Windows 7 and Microsoft's path to the cloud

Windows 7 is a big leap forward but misses the opportunity to turn Microsoft into a cloud player.

With the launch of Windows 7 many signs point to the fact that Microsoft seems to have gotten its operating system engineering in order. That's obviously good news for its OS business unit and also good news for PC manufacturers and software companies that develop for Windows.

A rising tide of Windows adoption is not a bad thing for the technology industry in economic terms but it doesn't yet do a lot to enhance the way we use computers and applications in our every day lives.

The main problem is that Windows 7 reinforces a desktop centric-paradigm for 93 percent of the market and continues to exert a certain level of misguided design principles in the way the system handles data and file structures. And while it's a giant leap forward in terms of customization, visual effects, and security there is a missed opportunity in the cross-border approach of combining the desktop and cloud services.

Cloud-based applications and storage are still so nascent that Microsoft could jump in and usurp much of the power and market share while shoring up its cloud story for the future. Having the dominant desktop landing pad gives Microsoft a huge advantage over upstarts--even Google and Apple, if it can focus on integrating the services.

Here are a few ways Microsoft could assert its dominant desktop position to compete with Google and Amazon as a cloud player:

Integrate cloud storage with the desktop
I don't use Apple's Mobile Me but I see the appeal. I suspect that if Microsoft offered a similar function as part of Windows 7 there would be huge adoption. This could be easily solved through a low-cost acquisition of one of many online backup and storage services.

Give enterprises a simple way to backup and store files remotely.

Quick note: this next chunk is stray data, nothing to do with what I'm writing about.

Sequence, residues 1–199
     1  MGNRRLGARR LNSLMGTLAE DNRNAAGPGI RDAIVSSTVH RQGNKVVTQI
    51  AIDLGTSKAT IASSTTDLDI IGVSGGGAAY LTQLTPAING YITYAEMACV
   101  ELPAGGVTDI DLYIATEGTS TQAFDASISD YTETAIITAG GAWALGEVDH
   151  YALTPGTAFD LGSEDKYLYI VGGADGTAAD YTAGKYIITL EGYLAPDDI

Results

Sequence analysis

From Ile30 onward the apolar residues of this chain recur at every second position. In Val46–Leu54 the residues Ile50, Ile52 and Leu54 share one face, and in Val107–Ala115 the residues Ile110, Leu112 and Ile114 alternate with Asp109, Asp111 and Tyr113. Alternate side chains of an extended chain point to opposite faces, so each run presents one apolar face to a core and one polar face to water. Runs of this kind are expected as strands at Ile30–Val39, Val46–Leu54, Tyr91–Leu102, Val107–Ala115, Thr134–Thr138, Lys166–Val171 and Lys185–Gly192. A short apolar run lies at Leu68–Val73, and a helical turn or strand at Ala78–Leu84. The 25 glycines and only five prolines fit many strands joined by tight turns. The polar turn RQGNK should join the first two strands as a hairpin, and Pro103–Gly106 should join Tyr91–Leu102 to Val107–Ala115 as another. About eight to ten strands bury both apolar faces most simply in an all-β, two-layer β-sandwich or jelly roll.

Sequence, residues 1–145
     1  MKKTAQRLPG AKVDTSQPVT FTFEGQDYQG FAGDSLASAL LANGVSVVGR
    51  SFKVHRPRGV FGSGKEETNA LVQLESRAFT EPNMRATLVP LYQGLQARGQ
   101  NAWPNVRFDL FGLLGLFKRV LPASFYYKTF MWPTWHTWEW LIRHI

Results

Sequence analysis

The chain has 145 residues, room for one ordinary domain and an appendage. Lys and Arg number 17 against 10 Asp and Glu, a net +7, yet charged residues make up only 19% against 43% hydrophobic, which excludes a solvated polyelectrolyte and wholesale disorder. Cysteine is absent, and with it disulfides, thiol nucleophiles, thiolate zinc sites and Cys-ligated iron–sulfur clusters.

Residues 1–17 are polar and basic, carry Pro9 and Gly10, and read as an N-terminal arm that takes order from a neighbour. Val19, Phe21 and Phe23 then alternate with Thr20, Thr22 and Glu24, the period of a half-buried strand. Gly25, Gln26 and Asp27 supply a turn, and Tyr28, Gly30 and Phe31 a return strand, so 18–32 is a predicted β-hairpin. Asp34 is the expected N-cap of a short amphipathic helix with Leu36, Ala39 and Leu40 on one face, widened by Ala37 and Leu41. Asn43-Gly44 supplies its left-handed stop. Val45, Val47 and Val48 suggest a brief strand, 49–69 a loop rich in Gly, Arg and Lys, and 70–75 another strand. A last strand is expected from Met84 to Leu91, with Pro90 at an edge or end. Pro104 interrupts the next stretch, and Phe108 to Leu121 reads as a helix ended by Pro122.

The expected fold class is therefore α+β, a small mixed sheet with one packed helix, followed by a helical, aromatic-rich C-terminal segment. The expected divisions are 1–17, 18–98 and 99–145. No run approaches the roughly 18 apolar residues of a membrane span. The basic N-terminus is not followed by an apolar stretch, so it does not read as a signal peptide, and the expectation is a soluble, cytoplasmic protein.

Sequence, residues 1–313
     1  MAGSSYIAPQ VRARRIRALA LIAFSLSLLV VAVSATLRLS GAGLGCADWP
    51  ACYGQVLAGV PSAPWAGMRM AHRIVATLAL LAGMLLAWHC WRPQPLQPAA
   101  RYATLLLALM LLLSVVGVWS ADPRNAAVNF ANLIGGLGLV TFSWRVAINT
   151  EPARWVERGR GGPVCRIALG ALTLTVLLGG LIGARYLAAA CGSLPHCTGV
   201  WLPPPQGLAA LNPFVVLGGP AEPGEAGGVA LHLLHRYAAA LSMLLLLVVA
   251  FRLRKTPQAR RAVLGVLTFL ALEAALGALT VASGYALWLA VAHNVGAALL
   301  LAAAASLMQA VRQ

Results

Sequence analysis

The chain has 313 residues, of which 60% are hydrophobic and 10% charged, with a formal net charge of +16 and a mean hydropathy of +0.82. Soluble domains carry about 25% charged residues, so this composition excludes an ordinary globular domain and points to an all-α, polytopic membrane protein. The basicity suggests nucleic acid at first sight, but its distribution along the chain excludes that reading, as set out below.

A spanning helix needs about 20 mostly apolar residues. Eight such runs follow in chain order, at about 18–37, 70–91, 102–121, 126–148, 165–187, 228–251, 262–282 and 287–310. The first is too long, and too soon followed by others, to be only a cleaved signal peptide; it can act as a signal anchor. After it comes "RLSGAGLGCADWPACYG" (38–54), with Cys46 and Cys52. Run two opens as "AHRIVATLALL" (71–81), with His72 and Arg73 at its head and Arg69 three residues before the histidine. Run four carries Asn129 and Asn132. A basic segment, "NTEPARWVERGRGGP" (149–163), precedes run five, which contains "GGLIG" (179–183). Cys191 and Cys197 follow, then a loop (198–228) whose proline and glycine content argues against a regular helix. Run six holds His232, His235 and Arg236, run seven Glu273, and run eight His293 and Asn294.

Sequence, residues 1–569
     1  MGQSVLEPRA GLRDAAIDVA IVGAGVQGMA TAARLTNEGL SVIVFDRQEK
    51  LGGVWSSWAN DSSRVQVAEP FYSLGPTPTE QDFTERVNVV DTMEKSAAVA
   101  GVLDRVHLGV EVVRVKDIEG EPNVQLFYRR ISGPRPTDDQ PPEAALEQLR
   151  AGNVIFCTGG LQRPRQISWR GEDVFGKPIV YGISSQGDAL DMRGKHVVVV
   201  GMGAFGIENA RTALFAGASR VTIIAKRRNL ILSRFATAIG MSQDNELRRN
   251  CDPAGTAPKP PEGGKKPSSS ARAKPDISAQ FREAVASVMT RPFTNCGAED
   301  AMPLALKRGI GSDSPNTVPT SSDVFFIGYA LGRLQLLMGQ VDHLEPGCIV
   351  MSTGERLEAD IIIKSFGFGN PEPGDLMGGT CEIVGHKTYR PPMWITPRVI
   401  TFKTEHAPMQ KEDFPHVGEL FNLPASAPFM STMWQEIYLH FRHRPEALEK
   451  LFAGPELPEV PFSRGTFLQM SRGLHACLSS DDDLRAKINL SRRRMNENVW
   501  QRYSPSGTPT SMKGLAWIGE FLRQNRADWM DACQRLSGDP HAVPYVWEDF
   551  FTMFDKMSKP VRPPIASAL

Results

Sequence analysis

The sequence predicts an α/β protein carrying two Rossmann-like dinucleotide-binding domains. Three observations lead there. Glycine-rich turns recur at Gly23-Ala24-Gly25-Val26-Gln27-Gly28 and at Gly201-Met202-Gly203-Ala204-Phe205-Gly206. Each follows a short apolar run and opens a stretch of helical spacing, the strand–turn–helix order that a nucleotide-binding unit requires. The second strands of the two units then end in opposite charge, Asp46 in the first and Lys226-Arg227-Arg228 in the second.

Microsoft has a huge data center infrastructure and is a trusted partner (for better or worse) to a huge number of enterprises. With all of the services currently available for cloud backup this should be a non-issue.

Make Azure really good and less confusing than it was when it launched one year ago.
Microsoft has an enormous developer base , however, developers still don't have a simple Microsoft cloud deployment option for their .NET applications, something that should be readily integrated into Visual Studio and really become part of the OS.

All of these statements rely on the fact that Microsoft can actually do these things--that is, create the technology and run the services with the required service levels. And realistically there is no reason why they couldn't and certainly no reason why they shouldn't.

It's hard to believe that the world's biggest technology company can't get its cloud act together, and we've seen Microsoft change course to fix its Vista problems. But Windows 7 seems like a missed opportunity to make a bigger splash in what is currently a very small pool.

As entertaining as the Windows Launch Party videos were, I can't help but think the time and effort could have been better spent on developing new service offerings.

About the author

Dave Rosenberg has more than 15 years of technology and marketing experience that spans from Bell Labs to startup IPOs to open-source and cloud software companies. He is CEO and founder of Nodeable, co-founder of MuleSoft, and managing director for Hardy Way. He is an adviser to DataStax, IT Database, and Puppet Labs.

 

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